If you love to drink a few beers on the weekend or attend the occasional happy hour after work, you’ve probably wondered just how much alcohol affects your health. We hear a lot of conflicting messages about alcohol; some experts say it’s actually healthy in moderation while others say it’s probably best avoided altogether.
I think the occasional drink can be part of a healthy lifestyle — but I would also argue that the type of alcohol matters. Studies have associated alcohol intake with higher levels of the inflammatory C-reactive protein (CRP). But it’s not just the alcohol itself that matters. In fact, the type of alcohol and the ingredients it is made from can make a significant difference in how healthy it is — and how you feel after drinking it.
What are the healthiest types of alcohol?
As a functional medicine practitioner, it’s my job to help you sort through all the information out there and make healthy choices that work for you. If you’re not going to go dry, here’s how to make healthier choices when you do indulge in a drink (or two) with friends.
1. Red wine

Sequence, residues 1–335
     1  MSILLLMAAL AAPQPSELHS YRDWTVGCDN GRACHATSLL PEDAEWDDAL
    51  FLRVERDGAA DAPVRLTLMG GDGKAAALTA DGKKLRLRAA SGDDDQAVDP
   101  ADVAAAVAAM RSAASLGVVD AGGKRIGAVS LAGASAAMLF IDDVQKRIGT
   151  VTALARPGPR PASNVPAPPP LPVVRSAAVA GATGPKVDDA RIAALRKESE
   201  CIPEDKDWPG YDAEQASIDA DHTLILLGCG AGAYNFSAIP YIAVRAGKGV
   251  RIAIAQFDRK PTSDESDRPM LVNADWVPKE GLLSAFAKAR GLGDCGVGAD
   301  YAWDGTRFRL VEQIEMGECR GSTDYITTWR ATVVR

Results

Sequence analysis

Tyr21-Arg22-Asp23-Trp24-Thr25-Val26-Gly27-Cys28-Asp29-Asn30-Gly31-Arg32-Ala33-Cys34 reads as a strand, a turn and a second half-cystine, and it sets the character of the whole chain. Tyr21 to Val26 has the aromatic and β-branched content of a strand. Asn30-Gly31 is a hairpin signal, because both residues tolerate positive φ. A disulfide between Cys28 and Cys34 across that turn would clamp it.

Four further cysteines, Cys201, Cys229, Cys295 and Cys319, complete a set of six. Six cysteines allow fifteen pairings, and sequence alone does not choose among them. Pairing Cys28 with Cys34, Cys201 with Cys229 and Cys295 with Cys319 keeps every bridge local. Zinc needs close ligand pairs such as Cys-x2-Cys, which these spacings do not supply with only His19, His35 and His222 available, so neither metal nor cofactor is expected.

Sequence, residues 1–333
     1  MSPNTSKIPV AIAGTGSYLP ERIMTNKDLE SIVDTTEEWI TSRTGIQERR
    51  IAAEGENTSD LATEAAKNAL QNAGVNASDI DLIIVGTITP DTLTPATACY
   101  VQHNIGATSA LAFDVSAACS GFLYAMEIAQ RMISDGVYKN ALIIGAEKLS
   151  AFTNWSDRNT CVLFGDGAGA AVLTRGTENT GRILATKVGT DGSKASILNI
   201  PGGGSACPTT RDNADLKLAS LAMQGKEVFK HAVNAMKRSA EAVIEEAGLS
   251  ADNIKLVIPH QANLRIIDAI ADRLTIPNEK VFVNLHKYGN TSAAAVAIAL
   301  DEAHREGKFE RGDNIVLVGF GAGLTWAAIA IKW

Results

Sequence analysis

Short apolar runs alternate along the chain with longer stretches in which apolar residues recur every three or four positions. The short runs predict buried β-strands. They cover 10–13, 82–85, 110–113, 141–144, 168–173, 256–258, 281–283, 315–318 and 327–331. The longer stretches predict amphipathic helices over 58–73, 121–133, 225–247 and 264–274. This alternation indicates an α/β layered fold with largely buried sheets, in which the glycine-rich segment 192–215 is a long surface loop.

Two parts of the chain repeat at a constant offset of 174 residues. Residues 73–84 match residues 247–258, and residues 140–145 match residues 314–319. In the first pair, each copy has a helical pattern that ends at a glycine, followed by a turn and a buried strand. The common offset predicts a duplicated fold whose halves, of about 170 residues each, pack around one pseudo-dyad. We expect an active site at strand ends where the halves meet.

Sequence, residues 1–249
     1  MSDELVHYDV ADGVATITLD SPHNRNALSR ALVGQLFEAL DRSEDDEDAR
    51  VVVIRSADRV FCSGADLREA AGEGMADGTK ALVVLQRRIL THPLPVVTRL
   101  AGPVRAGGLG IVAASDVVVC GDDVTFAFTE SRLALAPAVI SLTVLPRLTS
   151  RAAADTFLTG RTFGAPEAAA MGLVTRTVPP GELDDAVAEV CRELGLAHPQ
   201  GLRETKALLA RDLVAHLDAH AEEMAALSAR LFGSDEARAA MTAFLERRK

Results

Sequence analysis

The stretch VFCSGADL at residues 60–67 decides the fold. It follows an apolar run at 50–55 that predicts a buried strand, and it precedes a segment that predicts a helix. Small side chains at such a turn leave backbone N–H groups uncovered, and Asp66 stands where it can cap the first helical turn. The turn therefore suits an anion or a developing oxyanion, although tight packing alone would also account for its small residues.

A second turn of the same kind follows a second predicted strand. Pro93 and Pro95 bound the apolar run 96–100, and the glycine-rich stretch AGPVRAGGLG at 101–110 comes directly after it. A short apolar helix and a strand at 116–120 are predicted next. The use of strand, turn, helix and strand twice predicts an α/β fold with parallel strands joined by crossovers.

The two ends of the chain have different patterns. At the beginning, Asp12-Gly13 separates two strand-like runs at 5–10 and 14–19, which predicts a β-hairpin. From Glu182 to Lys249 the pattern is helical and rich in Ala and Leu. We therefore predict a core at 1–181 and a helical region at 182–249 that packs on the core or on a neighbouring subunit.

Red wine is packed with beneficial antioxidants like resveratrol, which can help improve heart health and even lower inflammatory markers like CRP. That said, it should always be consumed in moderation and I recommend opting for organic, sulfate-free brands so you can take full advantage of its properties. If you want to further increase your intake of antioxidants, you can take resveratrol supplements or focus on eating antioxidant-rich foods like berries, leafy greens, and citrus fruits.
If (Taco) Tuesday is your favorite day of the week, you’ll be happy to know that this clean liquor made is a surprisingly healthy choice. Just make sure that you’re buying a product that is 100 percent agave, as some brands use grains in addition to agave, which can make the tequila more inflammatory. And, of course, make sure you’re drinking it on the rocks or with soda and a splash of lime instead of mixing it with sugar-filled syrups.
3. Hard Cider